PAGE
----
(Click above for access to all the data files, including the documentation file for this data base, ndp058a.txt)

Carbon Dioxide Emission Estimates from Fossil-Fuel Burning, Hydraulic Cement Production, and Gas Flaring for 1995 on a One Degree Grid Cell Basis.
(March 1998)

Antoinette L. Brenkert

DOI: 10.3334/CDIAC/ffe.ndp058.2003

This data package presents the gridded (one degree latitude by one degree longitude) summed emissions from fossil-fuel burning, hydraulic cement production and gas flaring for 1995. Analogous to the data presented in NDP-058 (which includes estimates for 1950, 1960, 1970, 1980, and 1990), national emission estimates from the 1995 United Nations Energy Statistics Database (U.N., 1997), hydraulic cement production estimates from the U.S. Department of Interior's Bureau of Mines (USDO, 1995), and supplemental data on gas flaring from the U.S. Department of Energy's Energy Information Administration were processed by Marland et al. (1997) following the methods of Marland and Rotty (1984). The only change in the methodology used to calculate the national CO2 emission estimates for 1995 was the implementation of separate carbon coefficients for soft and hard coal; the emissions estimates in NDP058 were calculated using a single carbon coefficient to characterize the carbon content of all coals. To distribute the national emission estimates from 1995 within each country, the population data base developed by Li (1996a) and documented by CDIAC (DB1016: Li, 1996) was used as proxy. Previously, Andres et al. (1996) had used a 1984 human population data set (Goddard Institute of Space Studies, Lerner et al., 1988) as proxy for gridding the 1950 through 1990 emission estimates within countries. The structure of the gridded 1995 emission data file differs, consequently, from the 1950-1990 gridded emission files (CDIAC: NDP-058) in that individual grid cells may have been partitioned into more than one country analogous to Li's population data base. A country's representation in a grid cell is quantified by the percentage of that country's land area in a particular grid cell and identified by its United Nations identification code. The percentages and United Nations identification codes were used to allocate the national CO2 emissions estimates to the grid cells. Only those grid cells with a United Nations identification code, population estimate and carbon emission estimate are listed in the data file. Grid cells representing more than one country are repeated for each country represented. Note that to calculate national estimates from the data file, one has to sum by United Nations identification code. To calculate emissions for each grid cell or by latitude one has to sum by grid cell (latitude and longitude), or by latitude, respectively. A number of manipulations of Li's population data base were necessary (and documented) to properly distribute the national 1995 CO2 emission estimates over each country's grid cells.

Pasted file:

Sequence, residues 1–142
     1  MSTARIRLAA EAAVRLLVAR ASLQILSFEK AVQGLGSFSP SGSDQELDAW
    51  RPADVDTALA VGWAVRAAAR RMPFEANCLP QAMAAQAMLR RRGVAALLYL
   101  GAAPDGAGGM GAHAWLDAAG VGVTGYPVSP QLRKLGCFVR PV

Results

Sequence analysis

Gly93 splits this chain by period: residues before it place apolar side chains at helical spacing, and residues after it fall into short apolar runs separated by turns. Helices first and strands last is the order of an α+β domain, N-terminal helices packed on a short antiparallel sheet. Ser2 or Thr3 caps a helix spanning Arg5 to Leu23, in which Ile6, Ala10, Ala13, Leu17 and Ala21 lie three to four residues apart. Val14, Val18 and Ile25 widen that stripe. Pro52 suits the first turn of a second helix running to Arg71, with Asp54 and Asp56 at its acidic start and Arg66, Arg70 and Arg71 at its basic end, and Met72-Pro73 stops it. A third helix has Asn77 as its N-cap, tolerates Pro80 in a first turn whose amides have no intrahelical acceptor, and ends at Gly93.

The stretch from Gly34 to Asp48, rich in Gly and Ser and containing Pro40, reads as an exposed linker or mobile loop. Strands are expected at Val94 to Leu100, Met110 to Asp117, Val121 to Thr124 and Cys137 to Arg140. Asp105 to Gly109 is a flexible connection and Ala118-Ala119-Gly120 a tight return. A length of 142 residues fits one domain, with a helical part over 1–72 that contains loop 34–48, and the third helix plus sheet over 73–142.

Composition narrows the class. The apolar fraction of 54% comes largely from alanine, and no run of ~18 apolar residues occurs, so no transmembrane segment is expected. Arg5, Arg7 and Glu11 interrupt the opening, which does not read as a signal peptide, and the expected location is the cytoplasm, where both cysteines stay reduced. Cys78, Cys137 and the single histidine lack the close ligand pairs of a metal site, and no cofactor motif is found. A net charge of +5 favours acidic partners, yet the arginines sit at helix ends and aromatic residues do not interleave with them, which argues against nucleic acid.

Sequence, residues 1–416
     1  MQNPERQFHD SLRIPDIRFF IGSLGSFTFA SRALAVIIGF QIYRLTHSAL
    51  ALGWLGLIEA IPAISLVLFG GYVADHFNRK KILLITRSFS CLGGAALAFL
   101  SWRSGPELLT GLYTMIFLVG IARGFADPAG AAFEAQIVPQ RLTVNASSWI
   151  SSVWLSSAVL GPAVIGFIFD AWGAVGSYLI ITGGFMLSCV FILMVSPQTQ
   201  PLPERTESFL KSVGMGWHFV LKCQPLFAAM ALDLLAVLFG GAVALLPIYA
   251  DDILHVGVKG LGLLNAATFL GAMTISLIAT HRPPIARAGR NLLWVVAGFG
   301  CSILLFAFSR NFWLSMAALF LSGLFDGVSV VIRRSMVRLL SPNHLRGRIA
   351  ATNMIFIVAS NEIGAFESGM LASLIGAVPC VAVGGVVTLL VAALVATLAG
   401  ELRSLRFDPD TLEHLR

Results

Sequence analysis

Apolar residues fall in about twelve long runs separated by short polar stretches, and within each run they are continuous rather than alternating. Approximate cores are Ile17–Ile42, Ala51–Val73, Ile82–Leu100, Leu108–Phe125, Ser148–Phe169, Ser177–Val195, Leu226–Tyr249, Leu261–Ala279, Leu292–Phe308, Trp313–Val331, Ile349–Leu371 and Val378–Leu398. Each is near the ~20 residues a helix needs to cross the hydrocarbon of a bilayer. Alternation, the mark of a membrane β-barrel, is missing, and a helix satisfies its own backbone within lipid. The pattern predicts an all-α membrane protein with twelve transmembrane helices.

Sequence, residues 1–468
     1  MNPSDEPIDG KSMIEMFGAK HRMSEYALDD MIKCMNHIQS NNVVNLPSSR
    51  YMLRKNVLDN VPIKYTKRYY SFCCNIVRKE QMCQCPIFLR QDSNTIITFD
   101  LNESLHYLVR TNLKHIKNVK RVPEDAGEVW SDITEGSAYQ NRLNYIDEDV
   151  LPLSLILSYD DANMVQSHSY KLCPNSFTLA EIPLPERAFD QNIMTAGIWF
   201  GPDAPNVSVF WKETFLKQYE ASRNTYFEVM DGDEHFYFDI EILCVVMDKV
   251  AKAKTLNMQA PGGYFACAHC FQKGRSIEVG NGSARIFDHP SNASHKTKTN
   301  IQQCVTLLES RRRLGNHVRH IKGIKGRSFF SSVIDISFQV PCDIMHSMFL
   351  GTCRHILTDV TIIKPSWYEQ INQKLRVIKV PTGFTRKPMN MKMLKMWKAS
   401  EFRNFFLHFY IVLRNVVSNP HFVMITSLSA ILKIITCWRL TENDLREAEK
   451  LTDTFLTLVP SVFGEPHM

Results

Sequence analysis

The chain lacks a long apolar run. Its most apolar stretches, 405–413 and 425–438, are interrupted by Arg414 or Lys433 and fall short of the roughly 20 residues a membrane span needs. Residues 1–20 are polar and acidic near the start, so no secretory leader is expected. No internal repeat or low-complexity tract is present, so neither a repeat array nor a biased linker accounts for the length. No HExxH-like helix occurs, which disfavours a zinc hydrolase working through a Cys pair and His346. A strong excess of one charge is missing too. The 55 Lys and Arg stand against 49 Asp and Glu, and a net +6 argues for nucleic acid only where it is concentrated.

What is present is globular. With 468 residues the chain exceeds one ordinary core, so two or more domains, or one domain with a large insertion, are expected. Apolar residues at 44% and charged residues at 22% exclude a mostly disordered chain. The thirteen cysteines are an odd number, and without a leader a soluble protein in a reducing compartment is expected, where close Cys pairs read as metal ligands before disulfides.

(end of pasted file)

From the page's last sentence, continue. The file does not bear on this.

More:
(map by Richard Olson and Holly Gibbs, ORNL/ESD)

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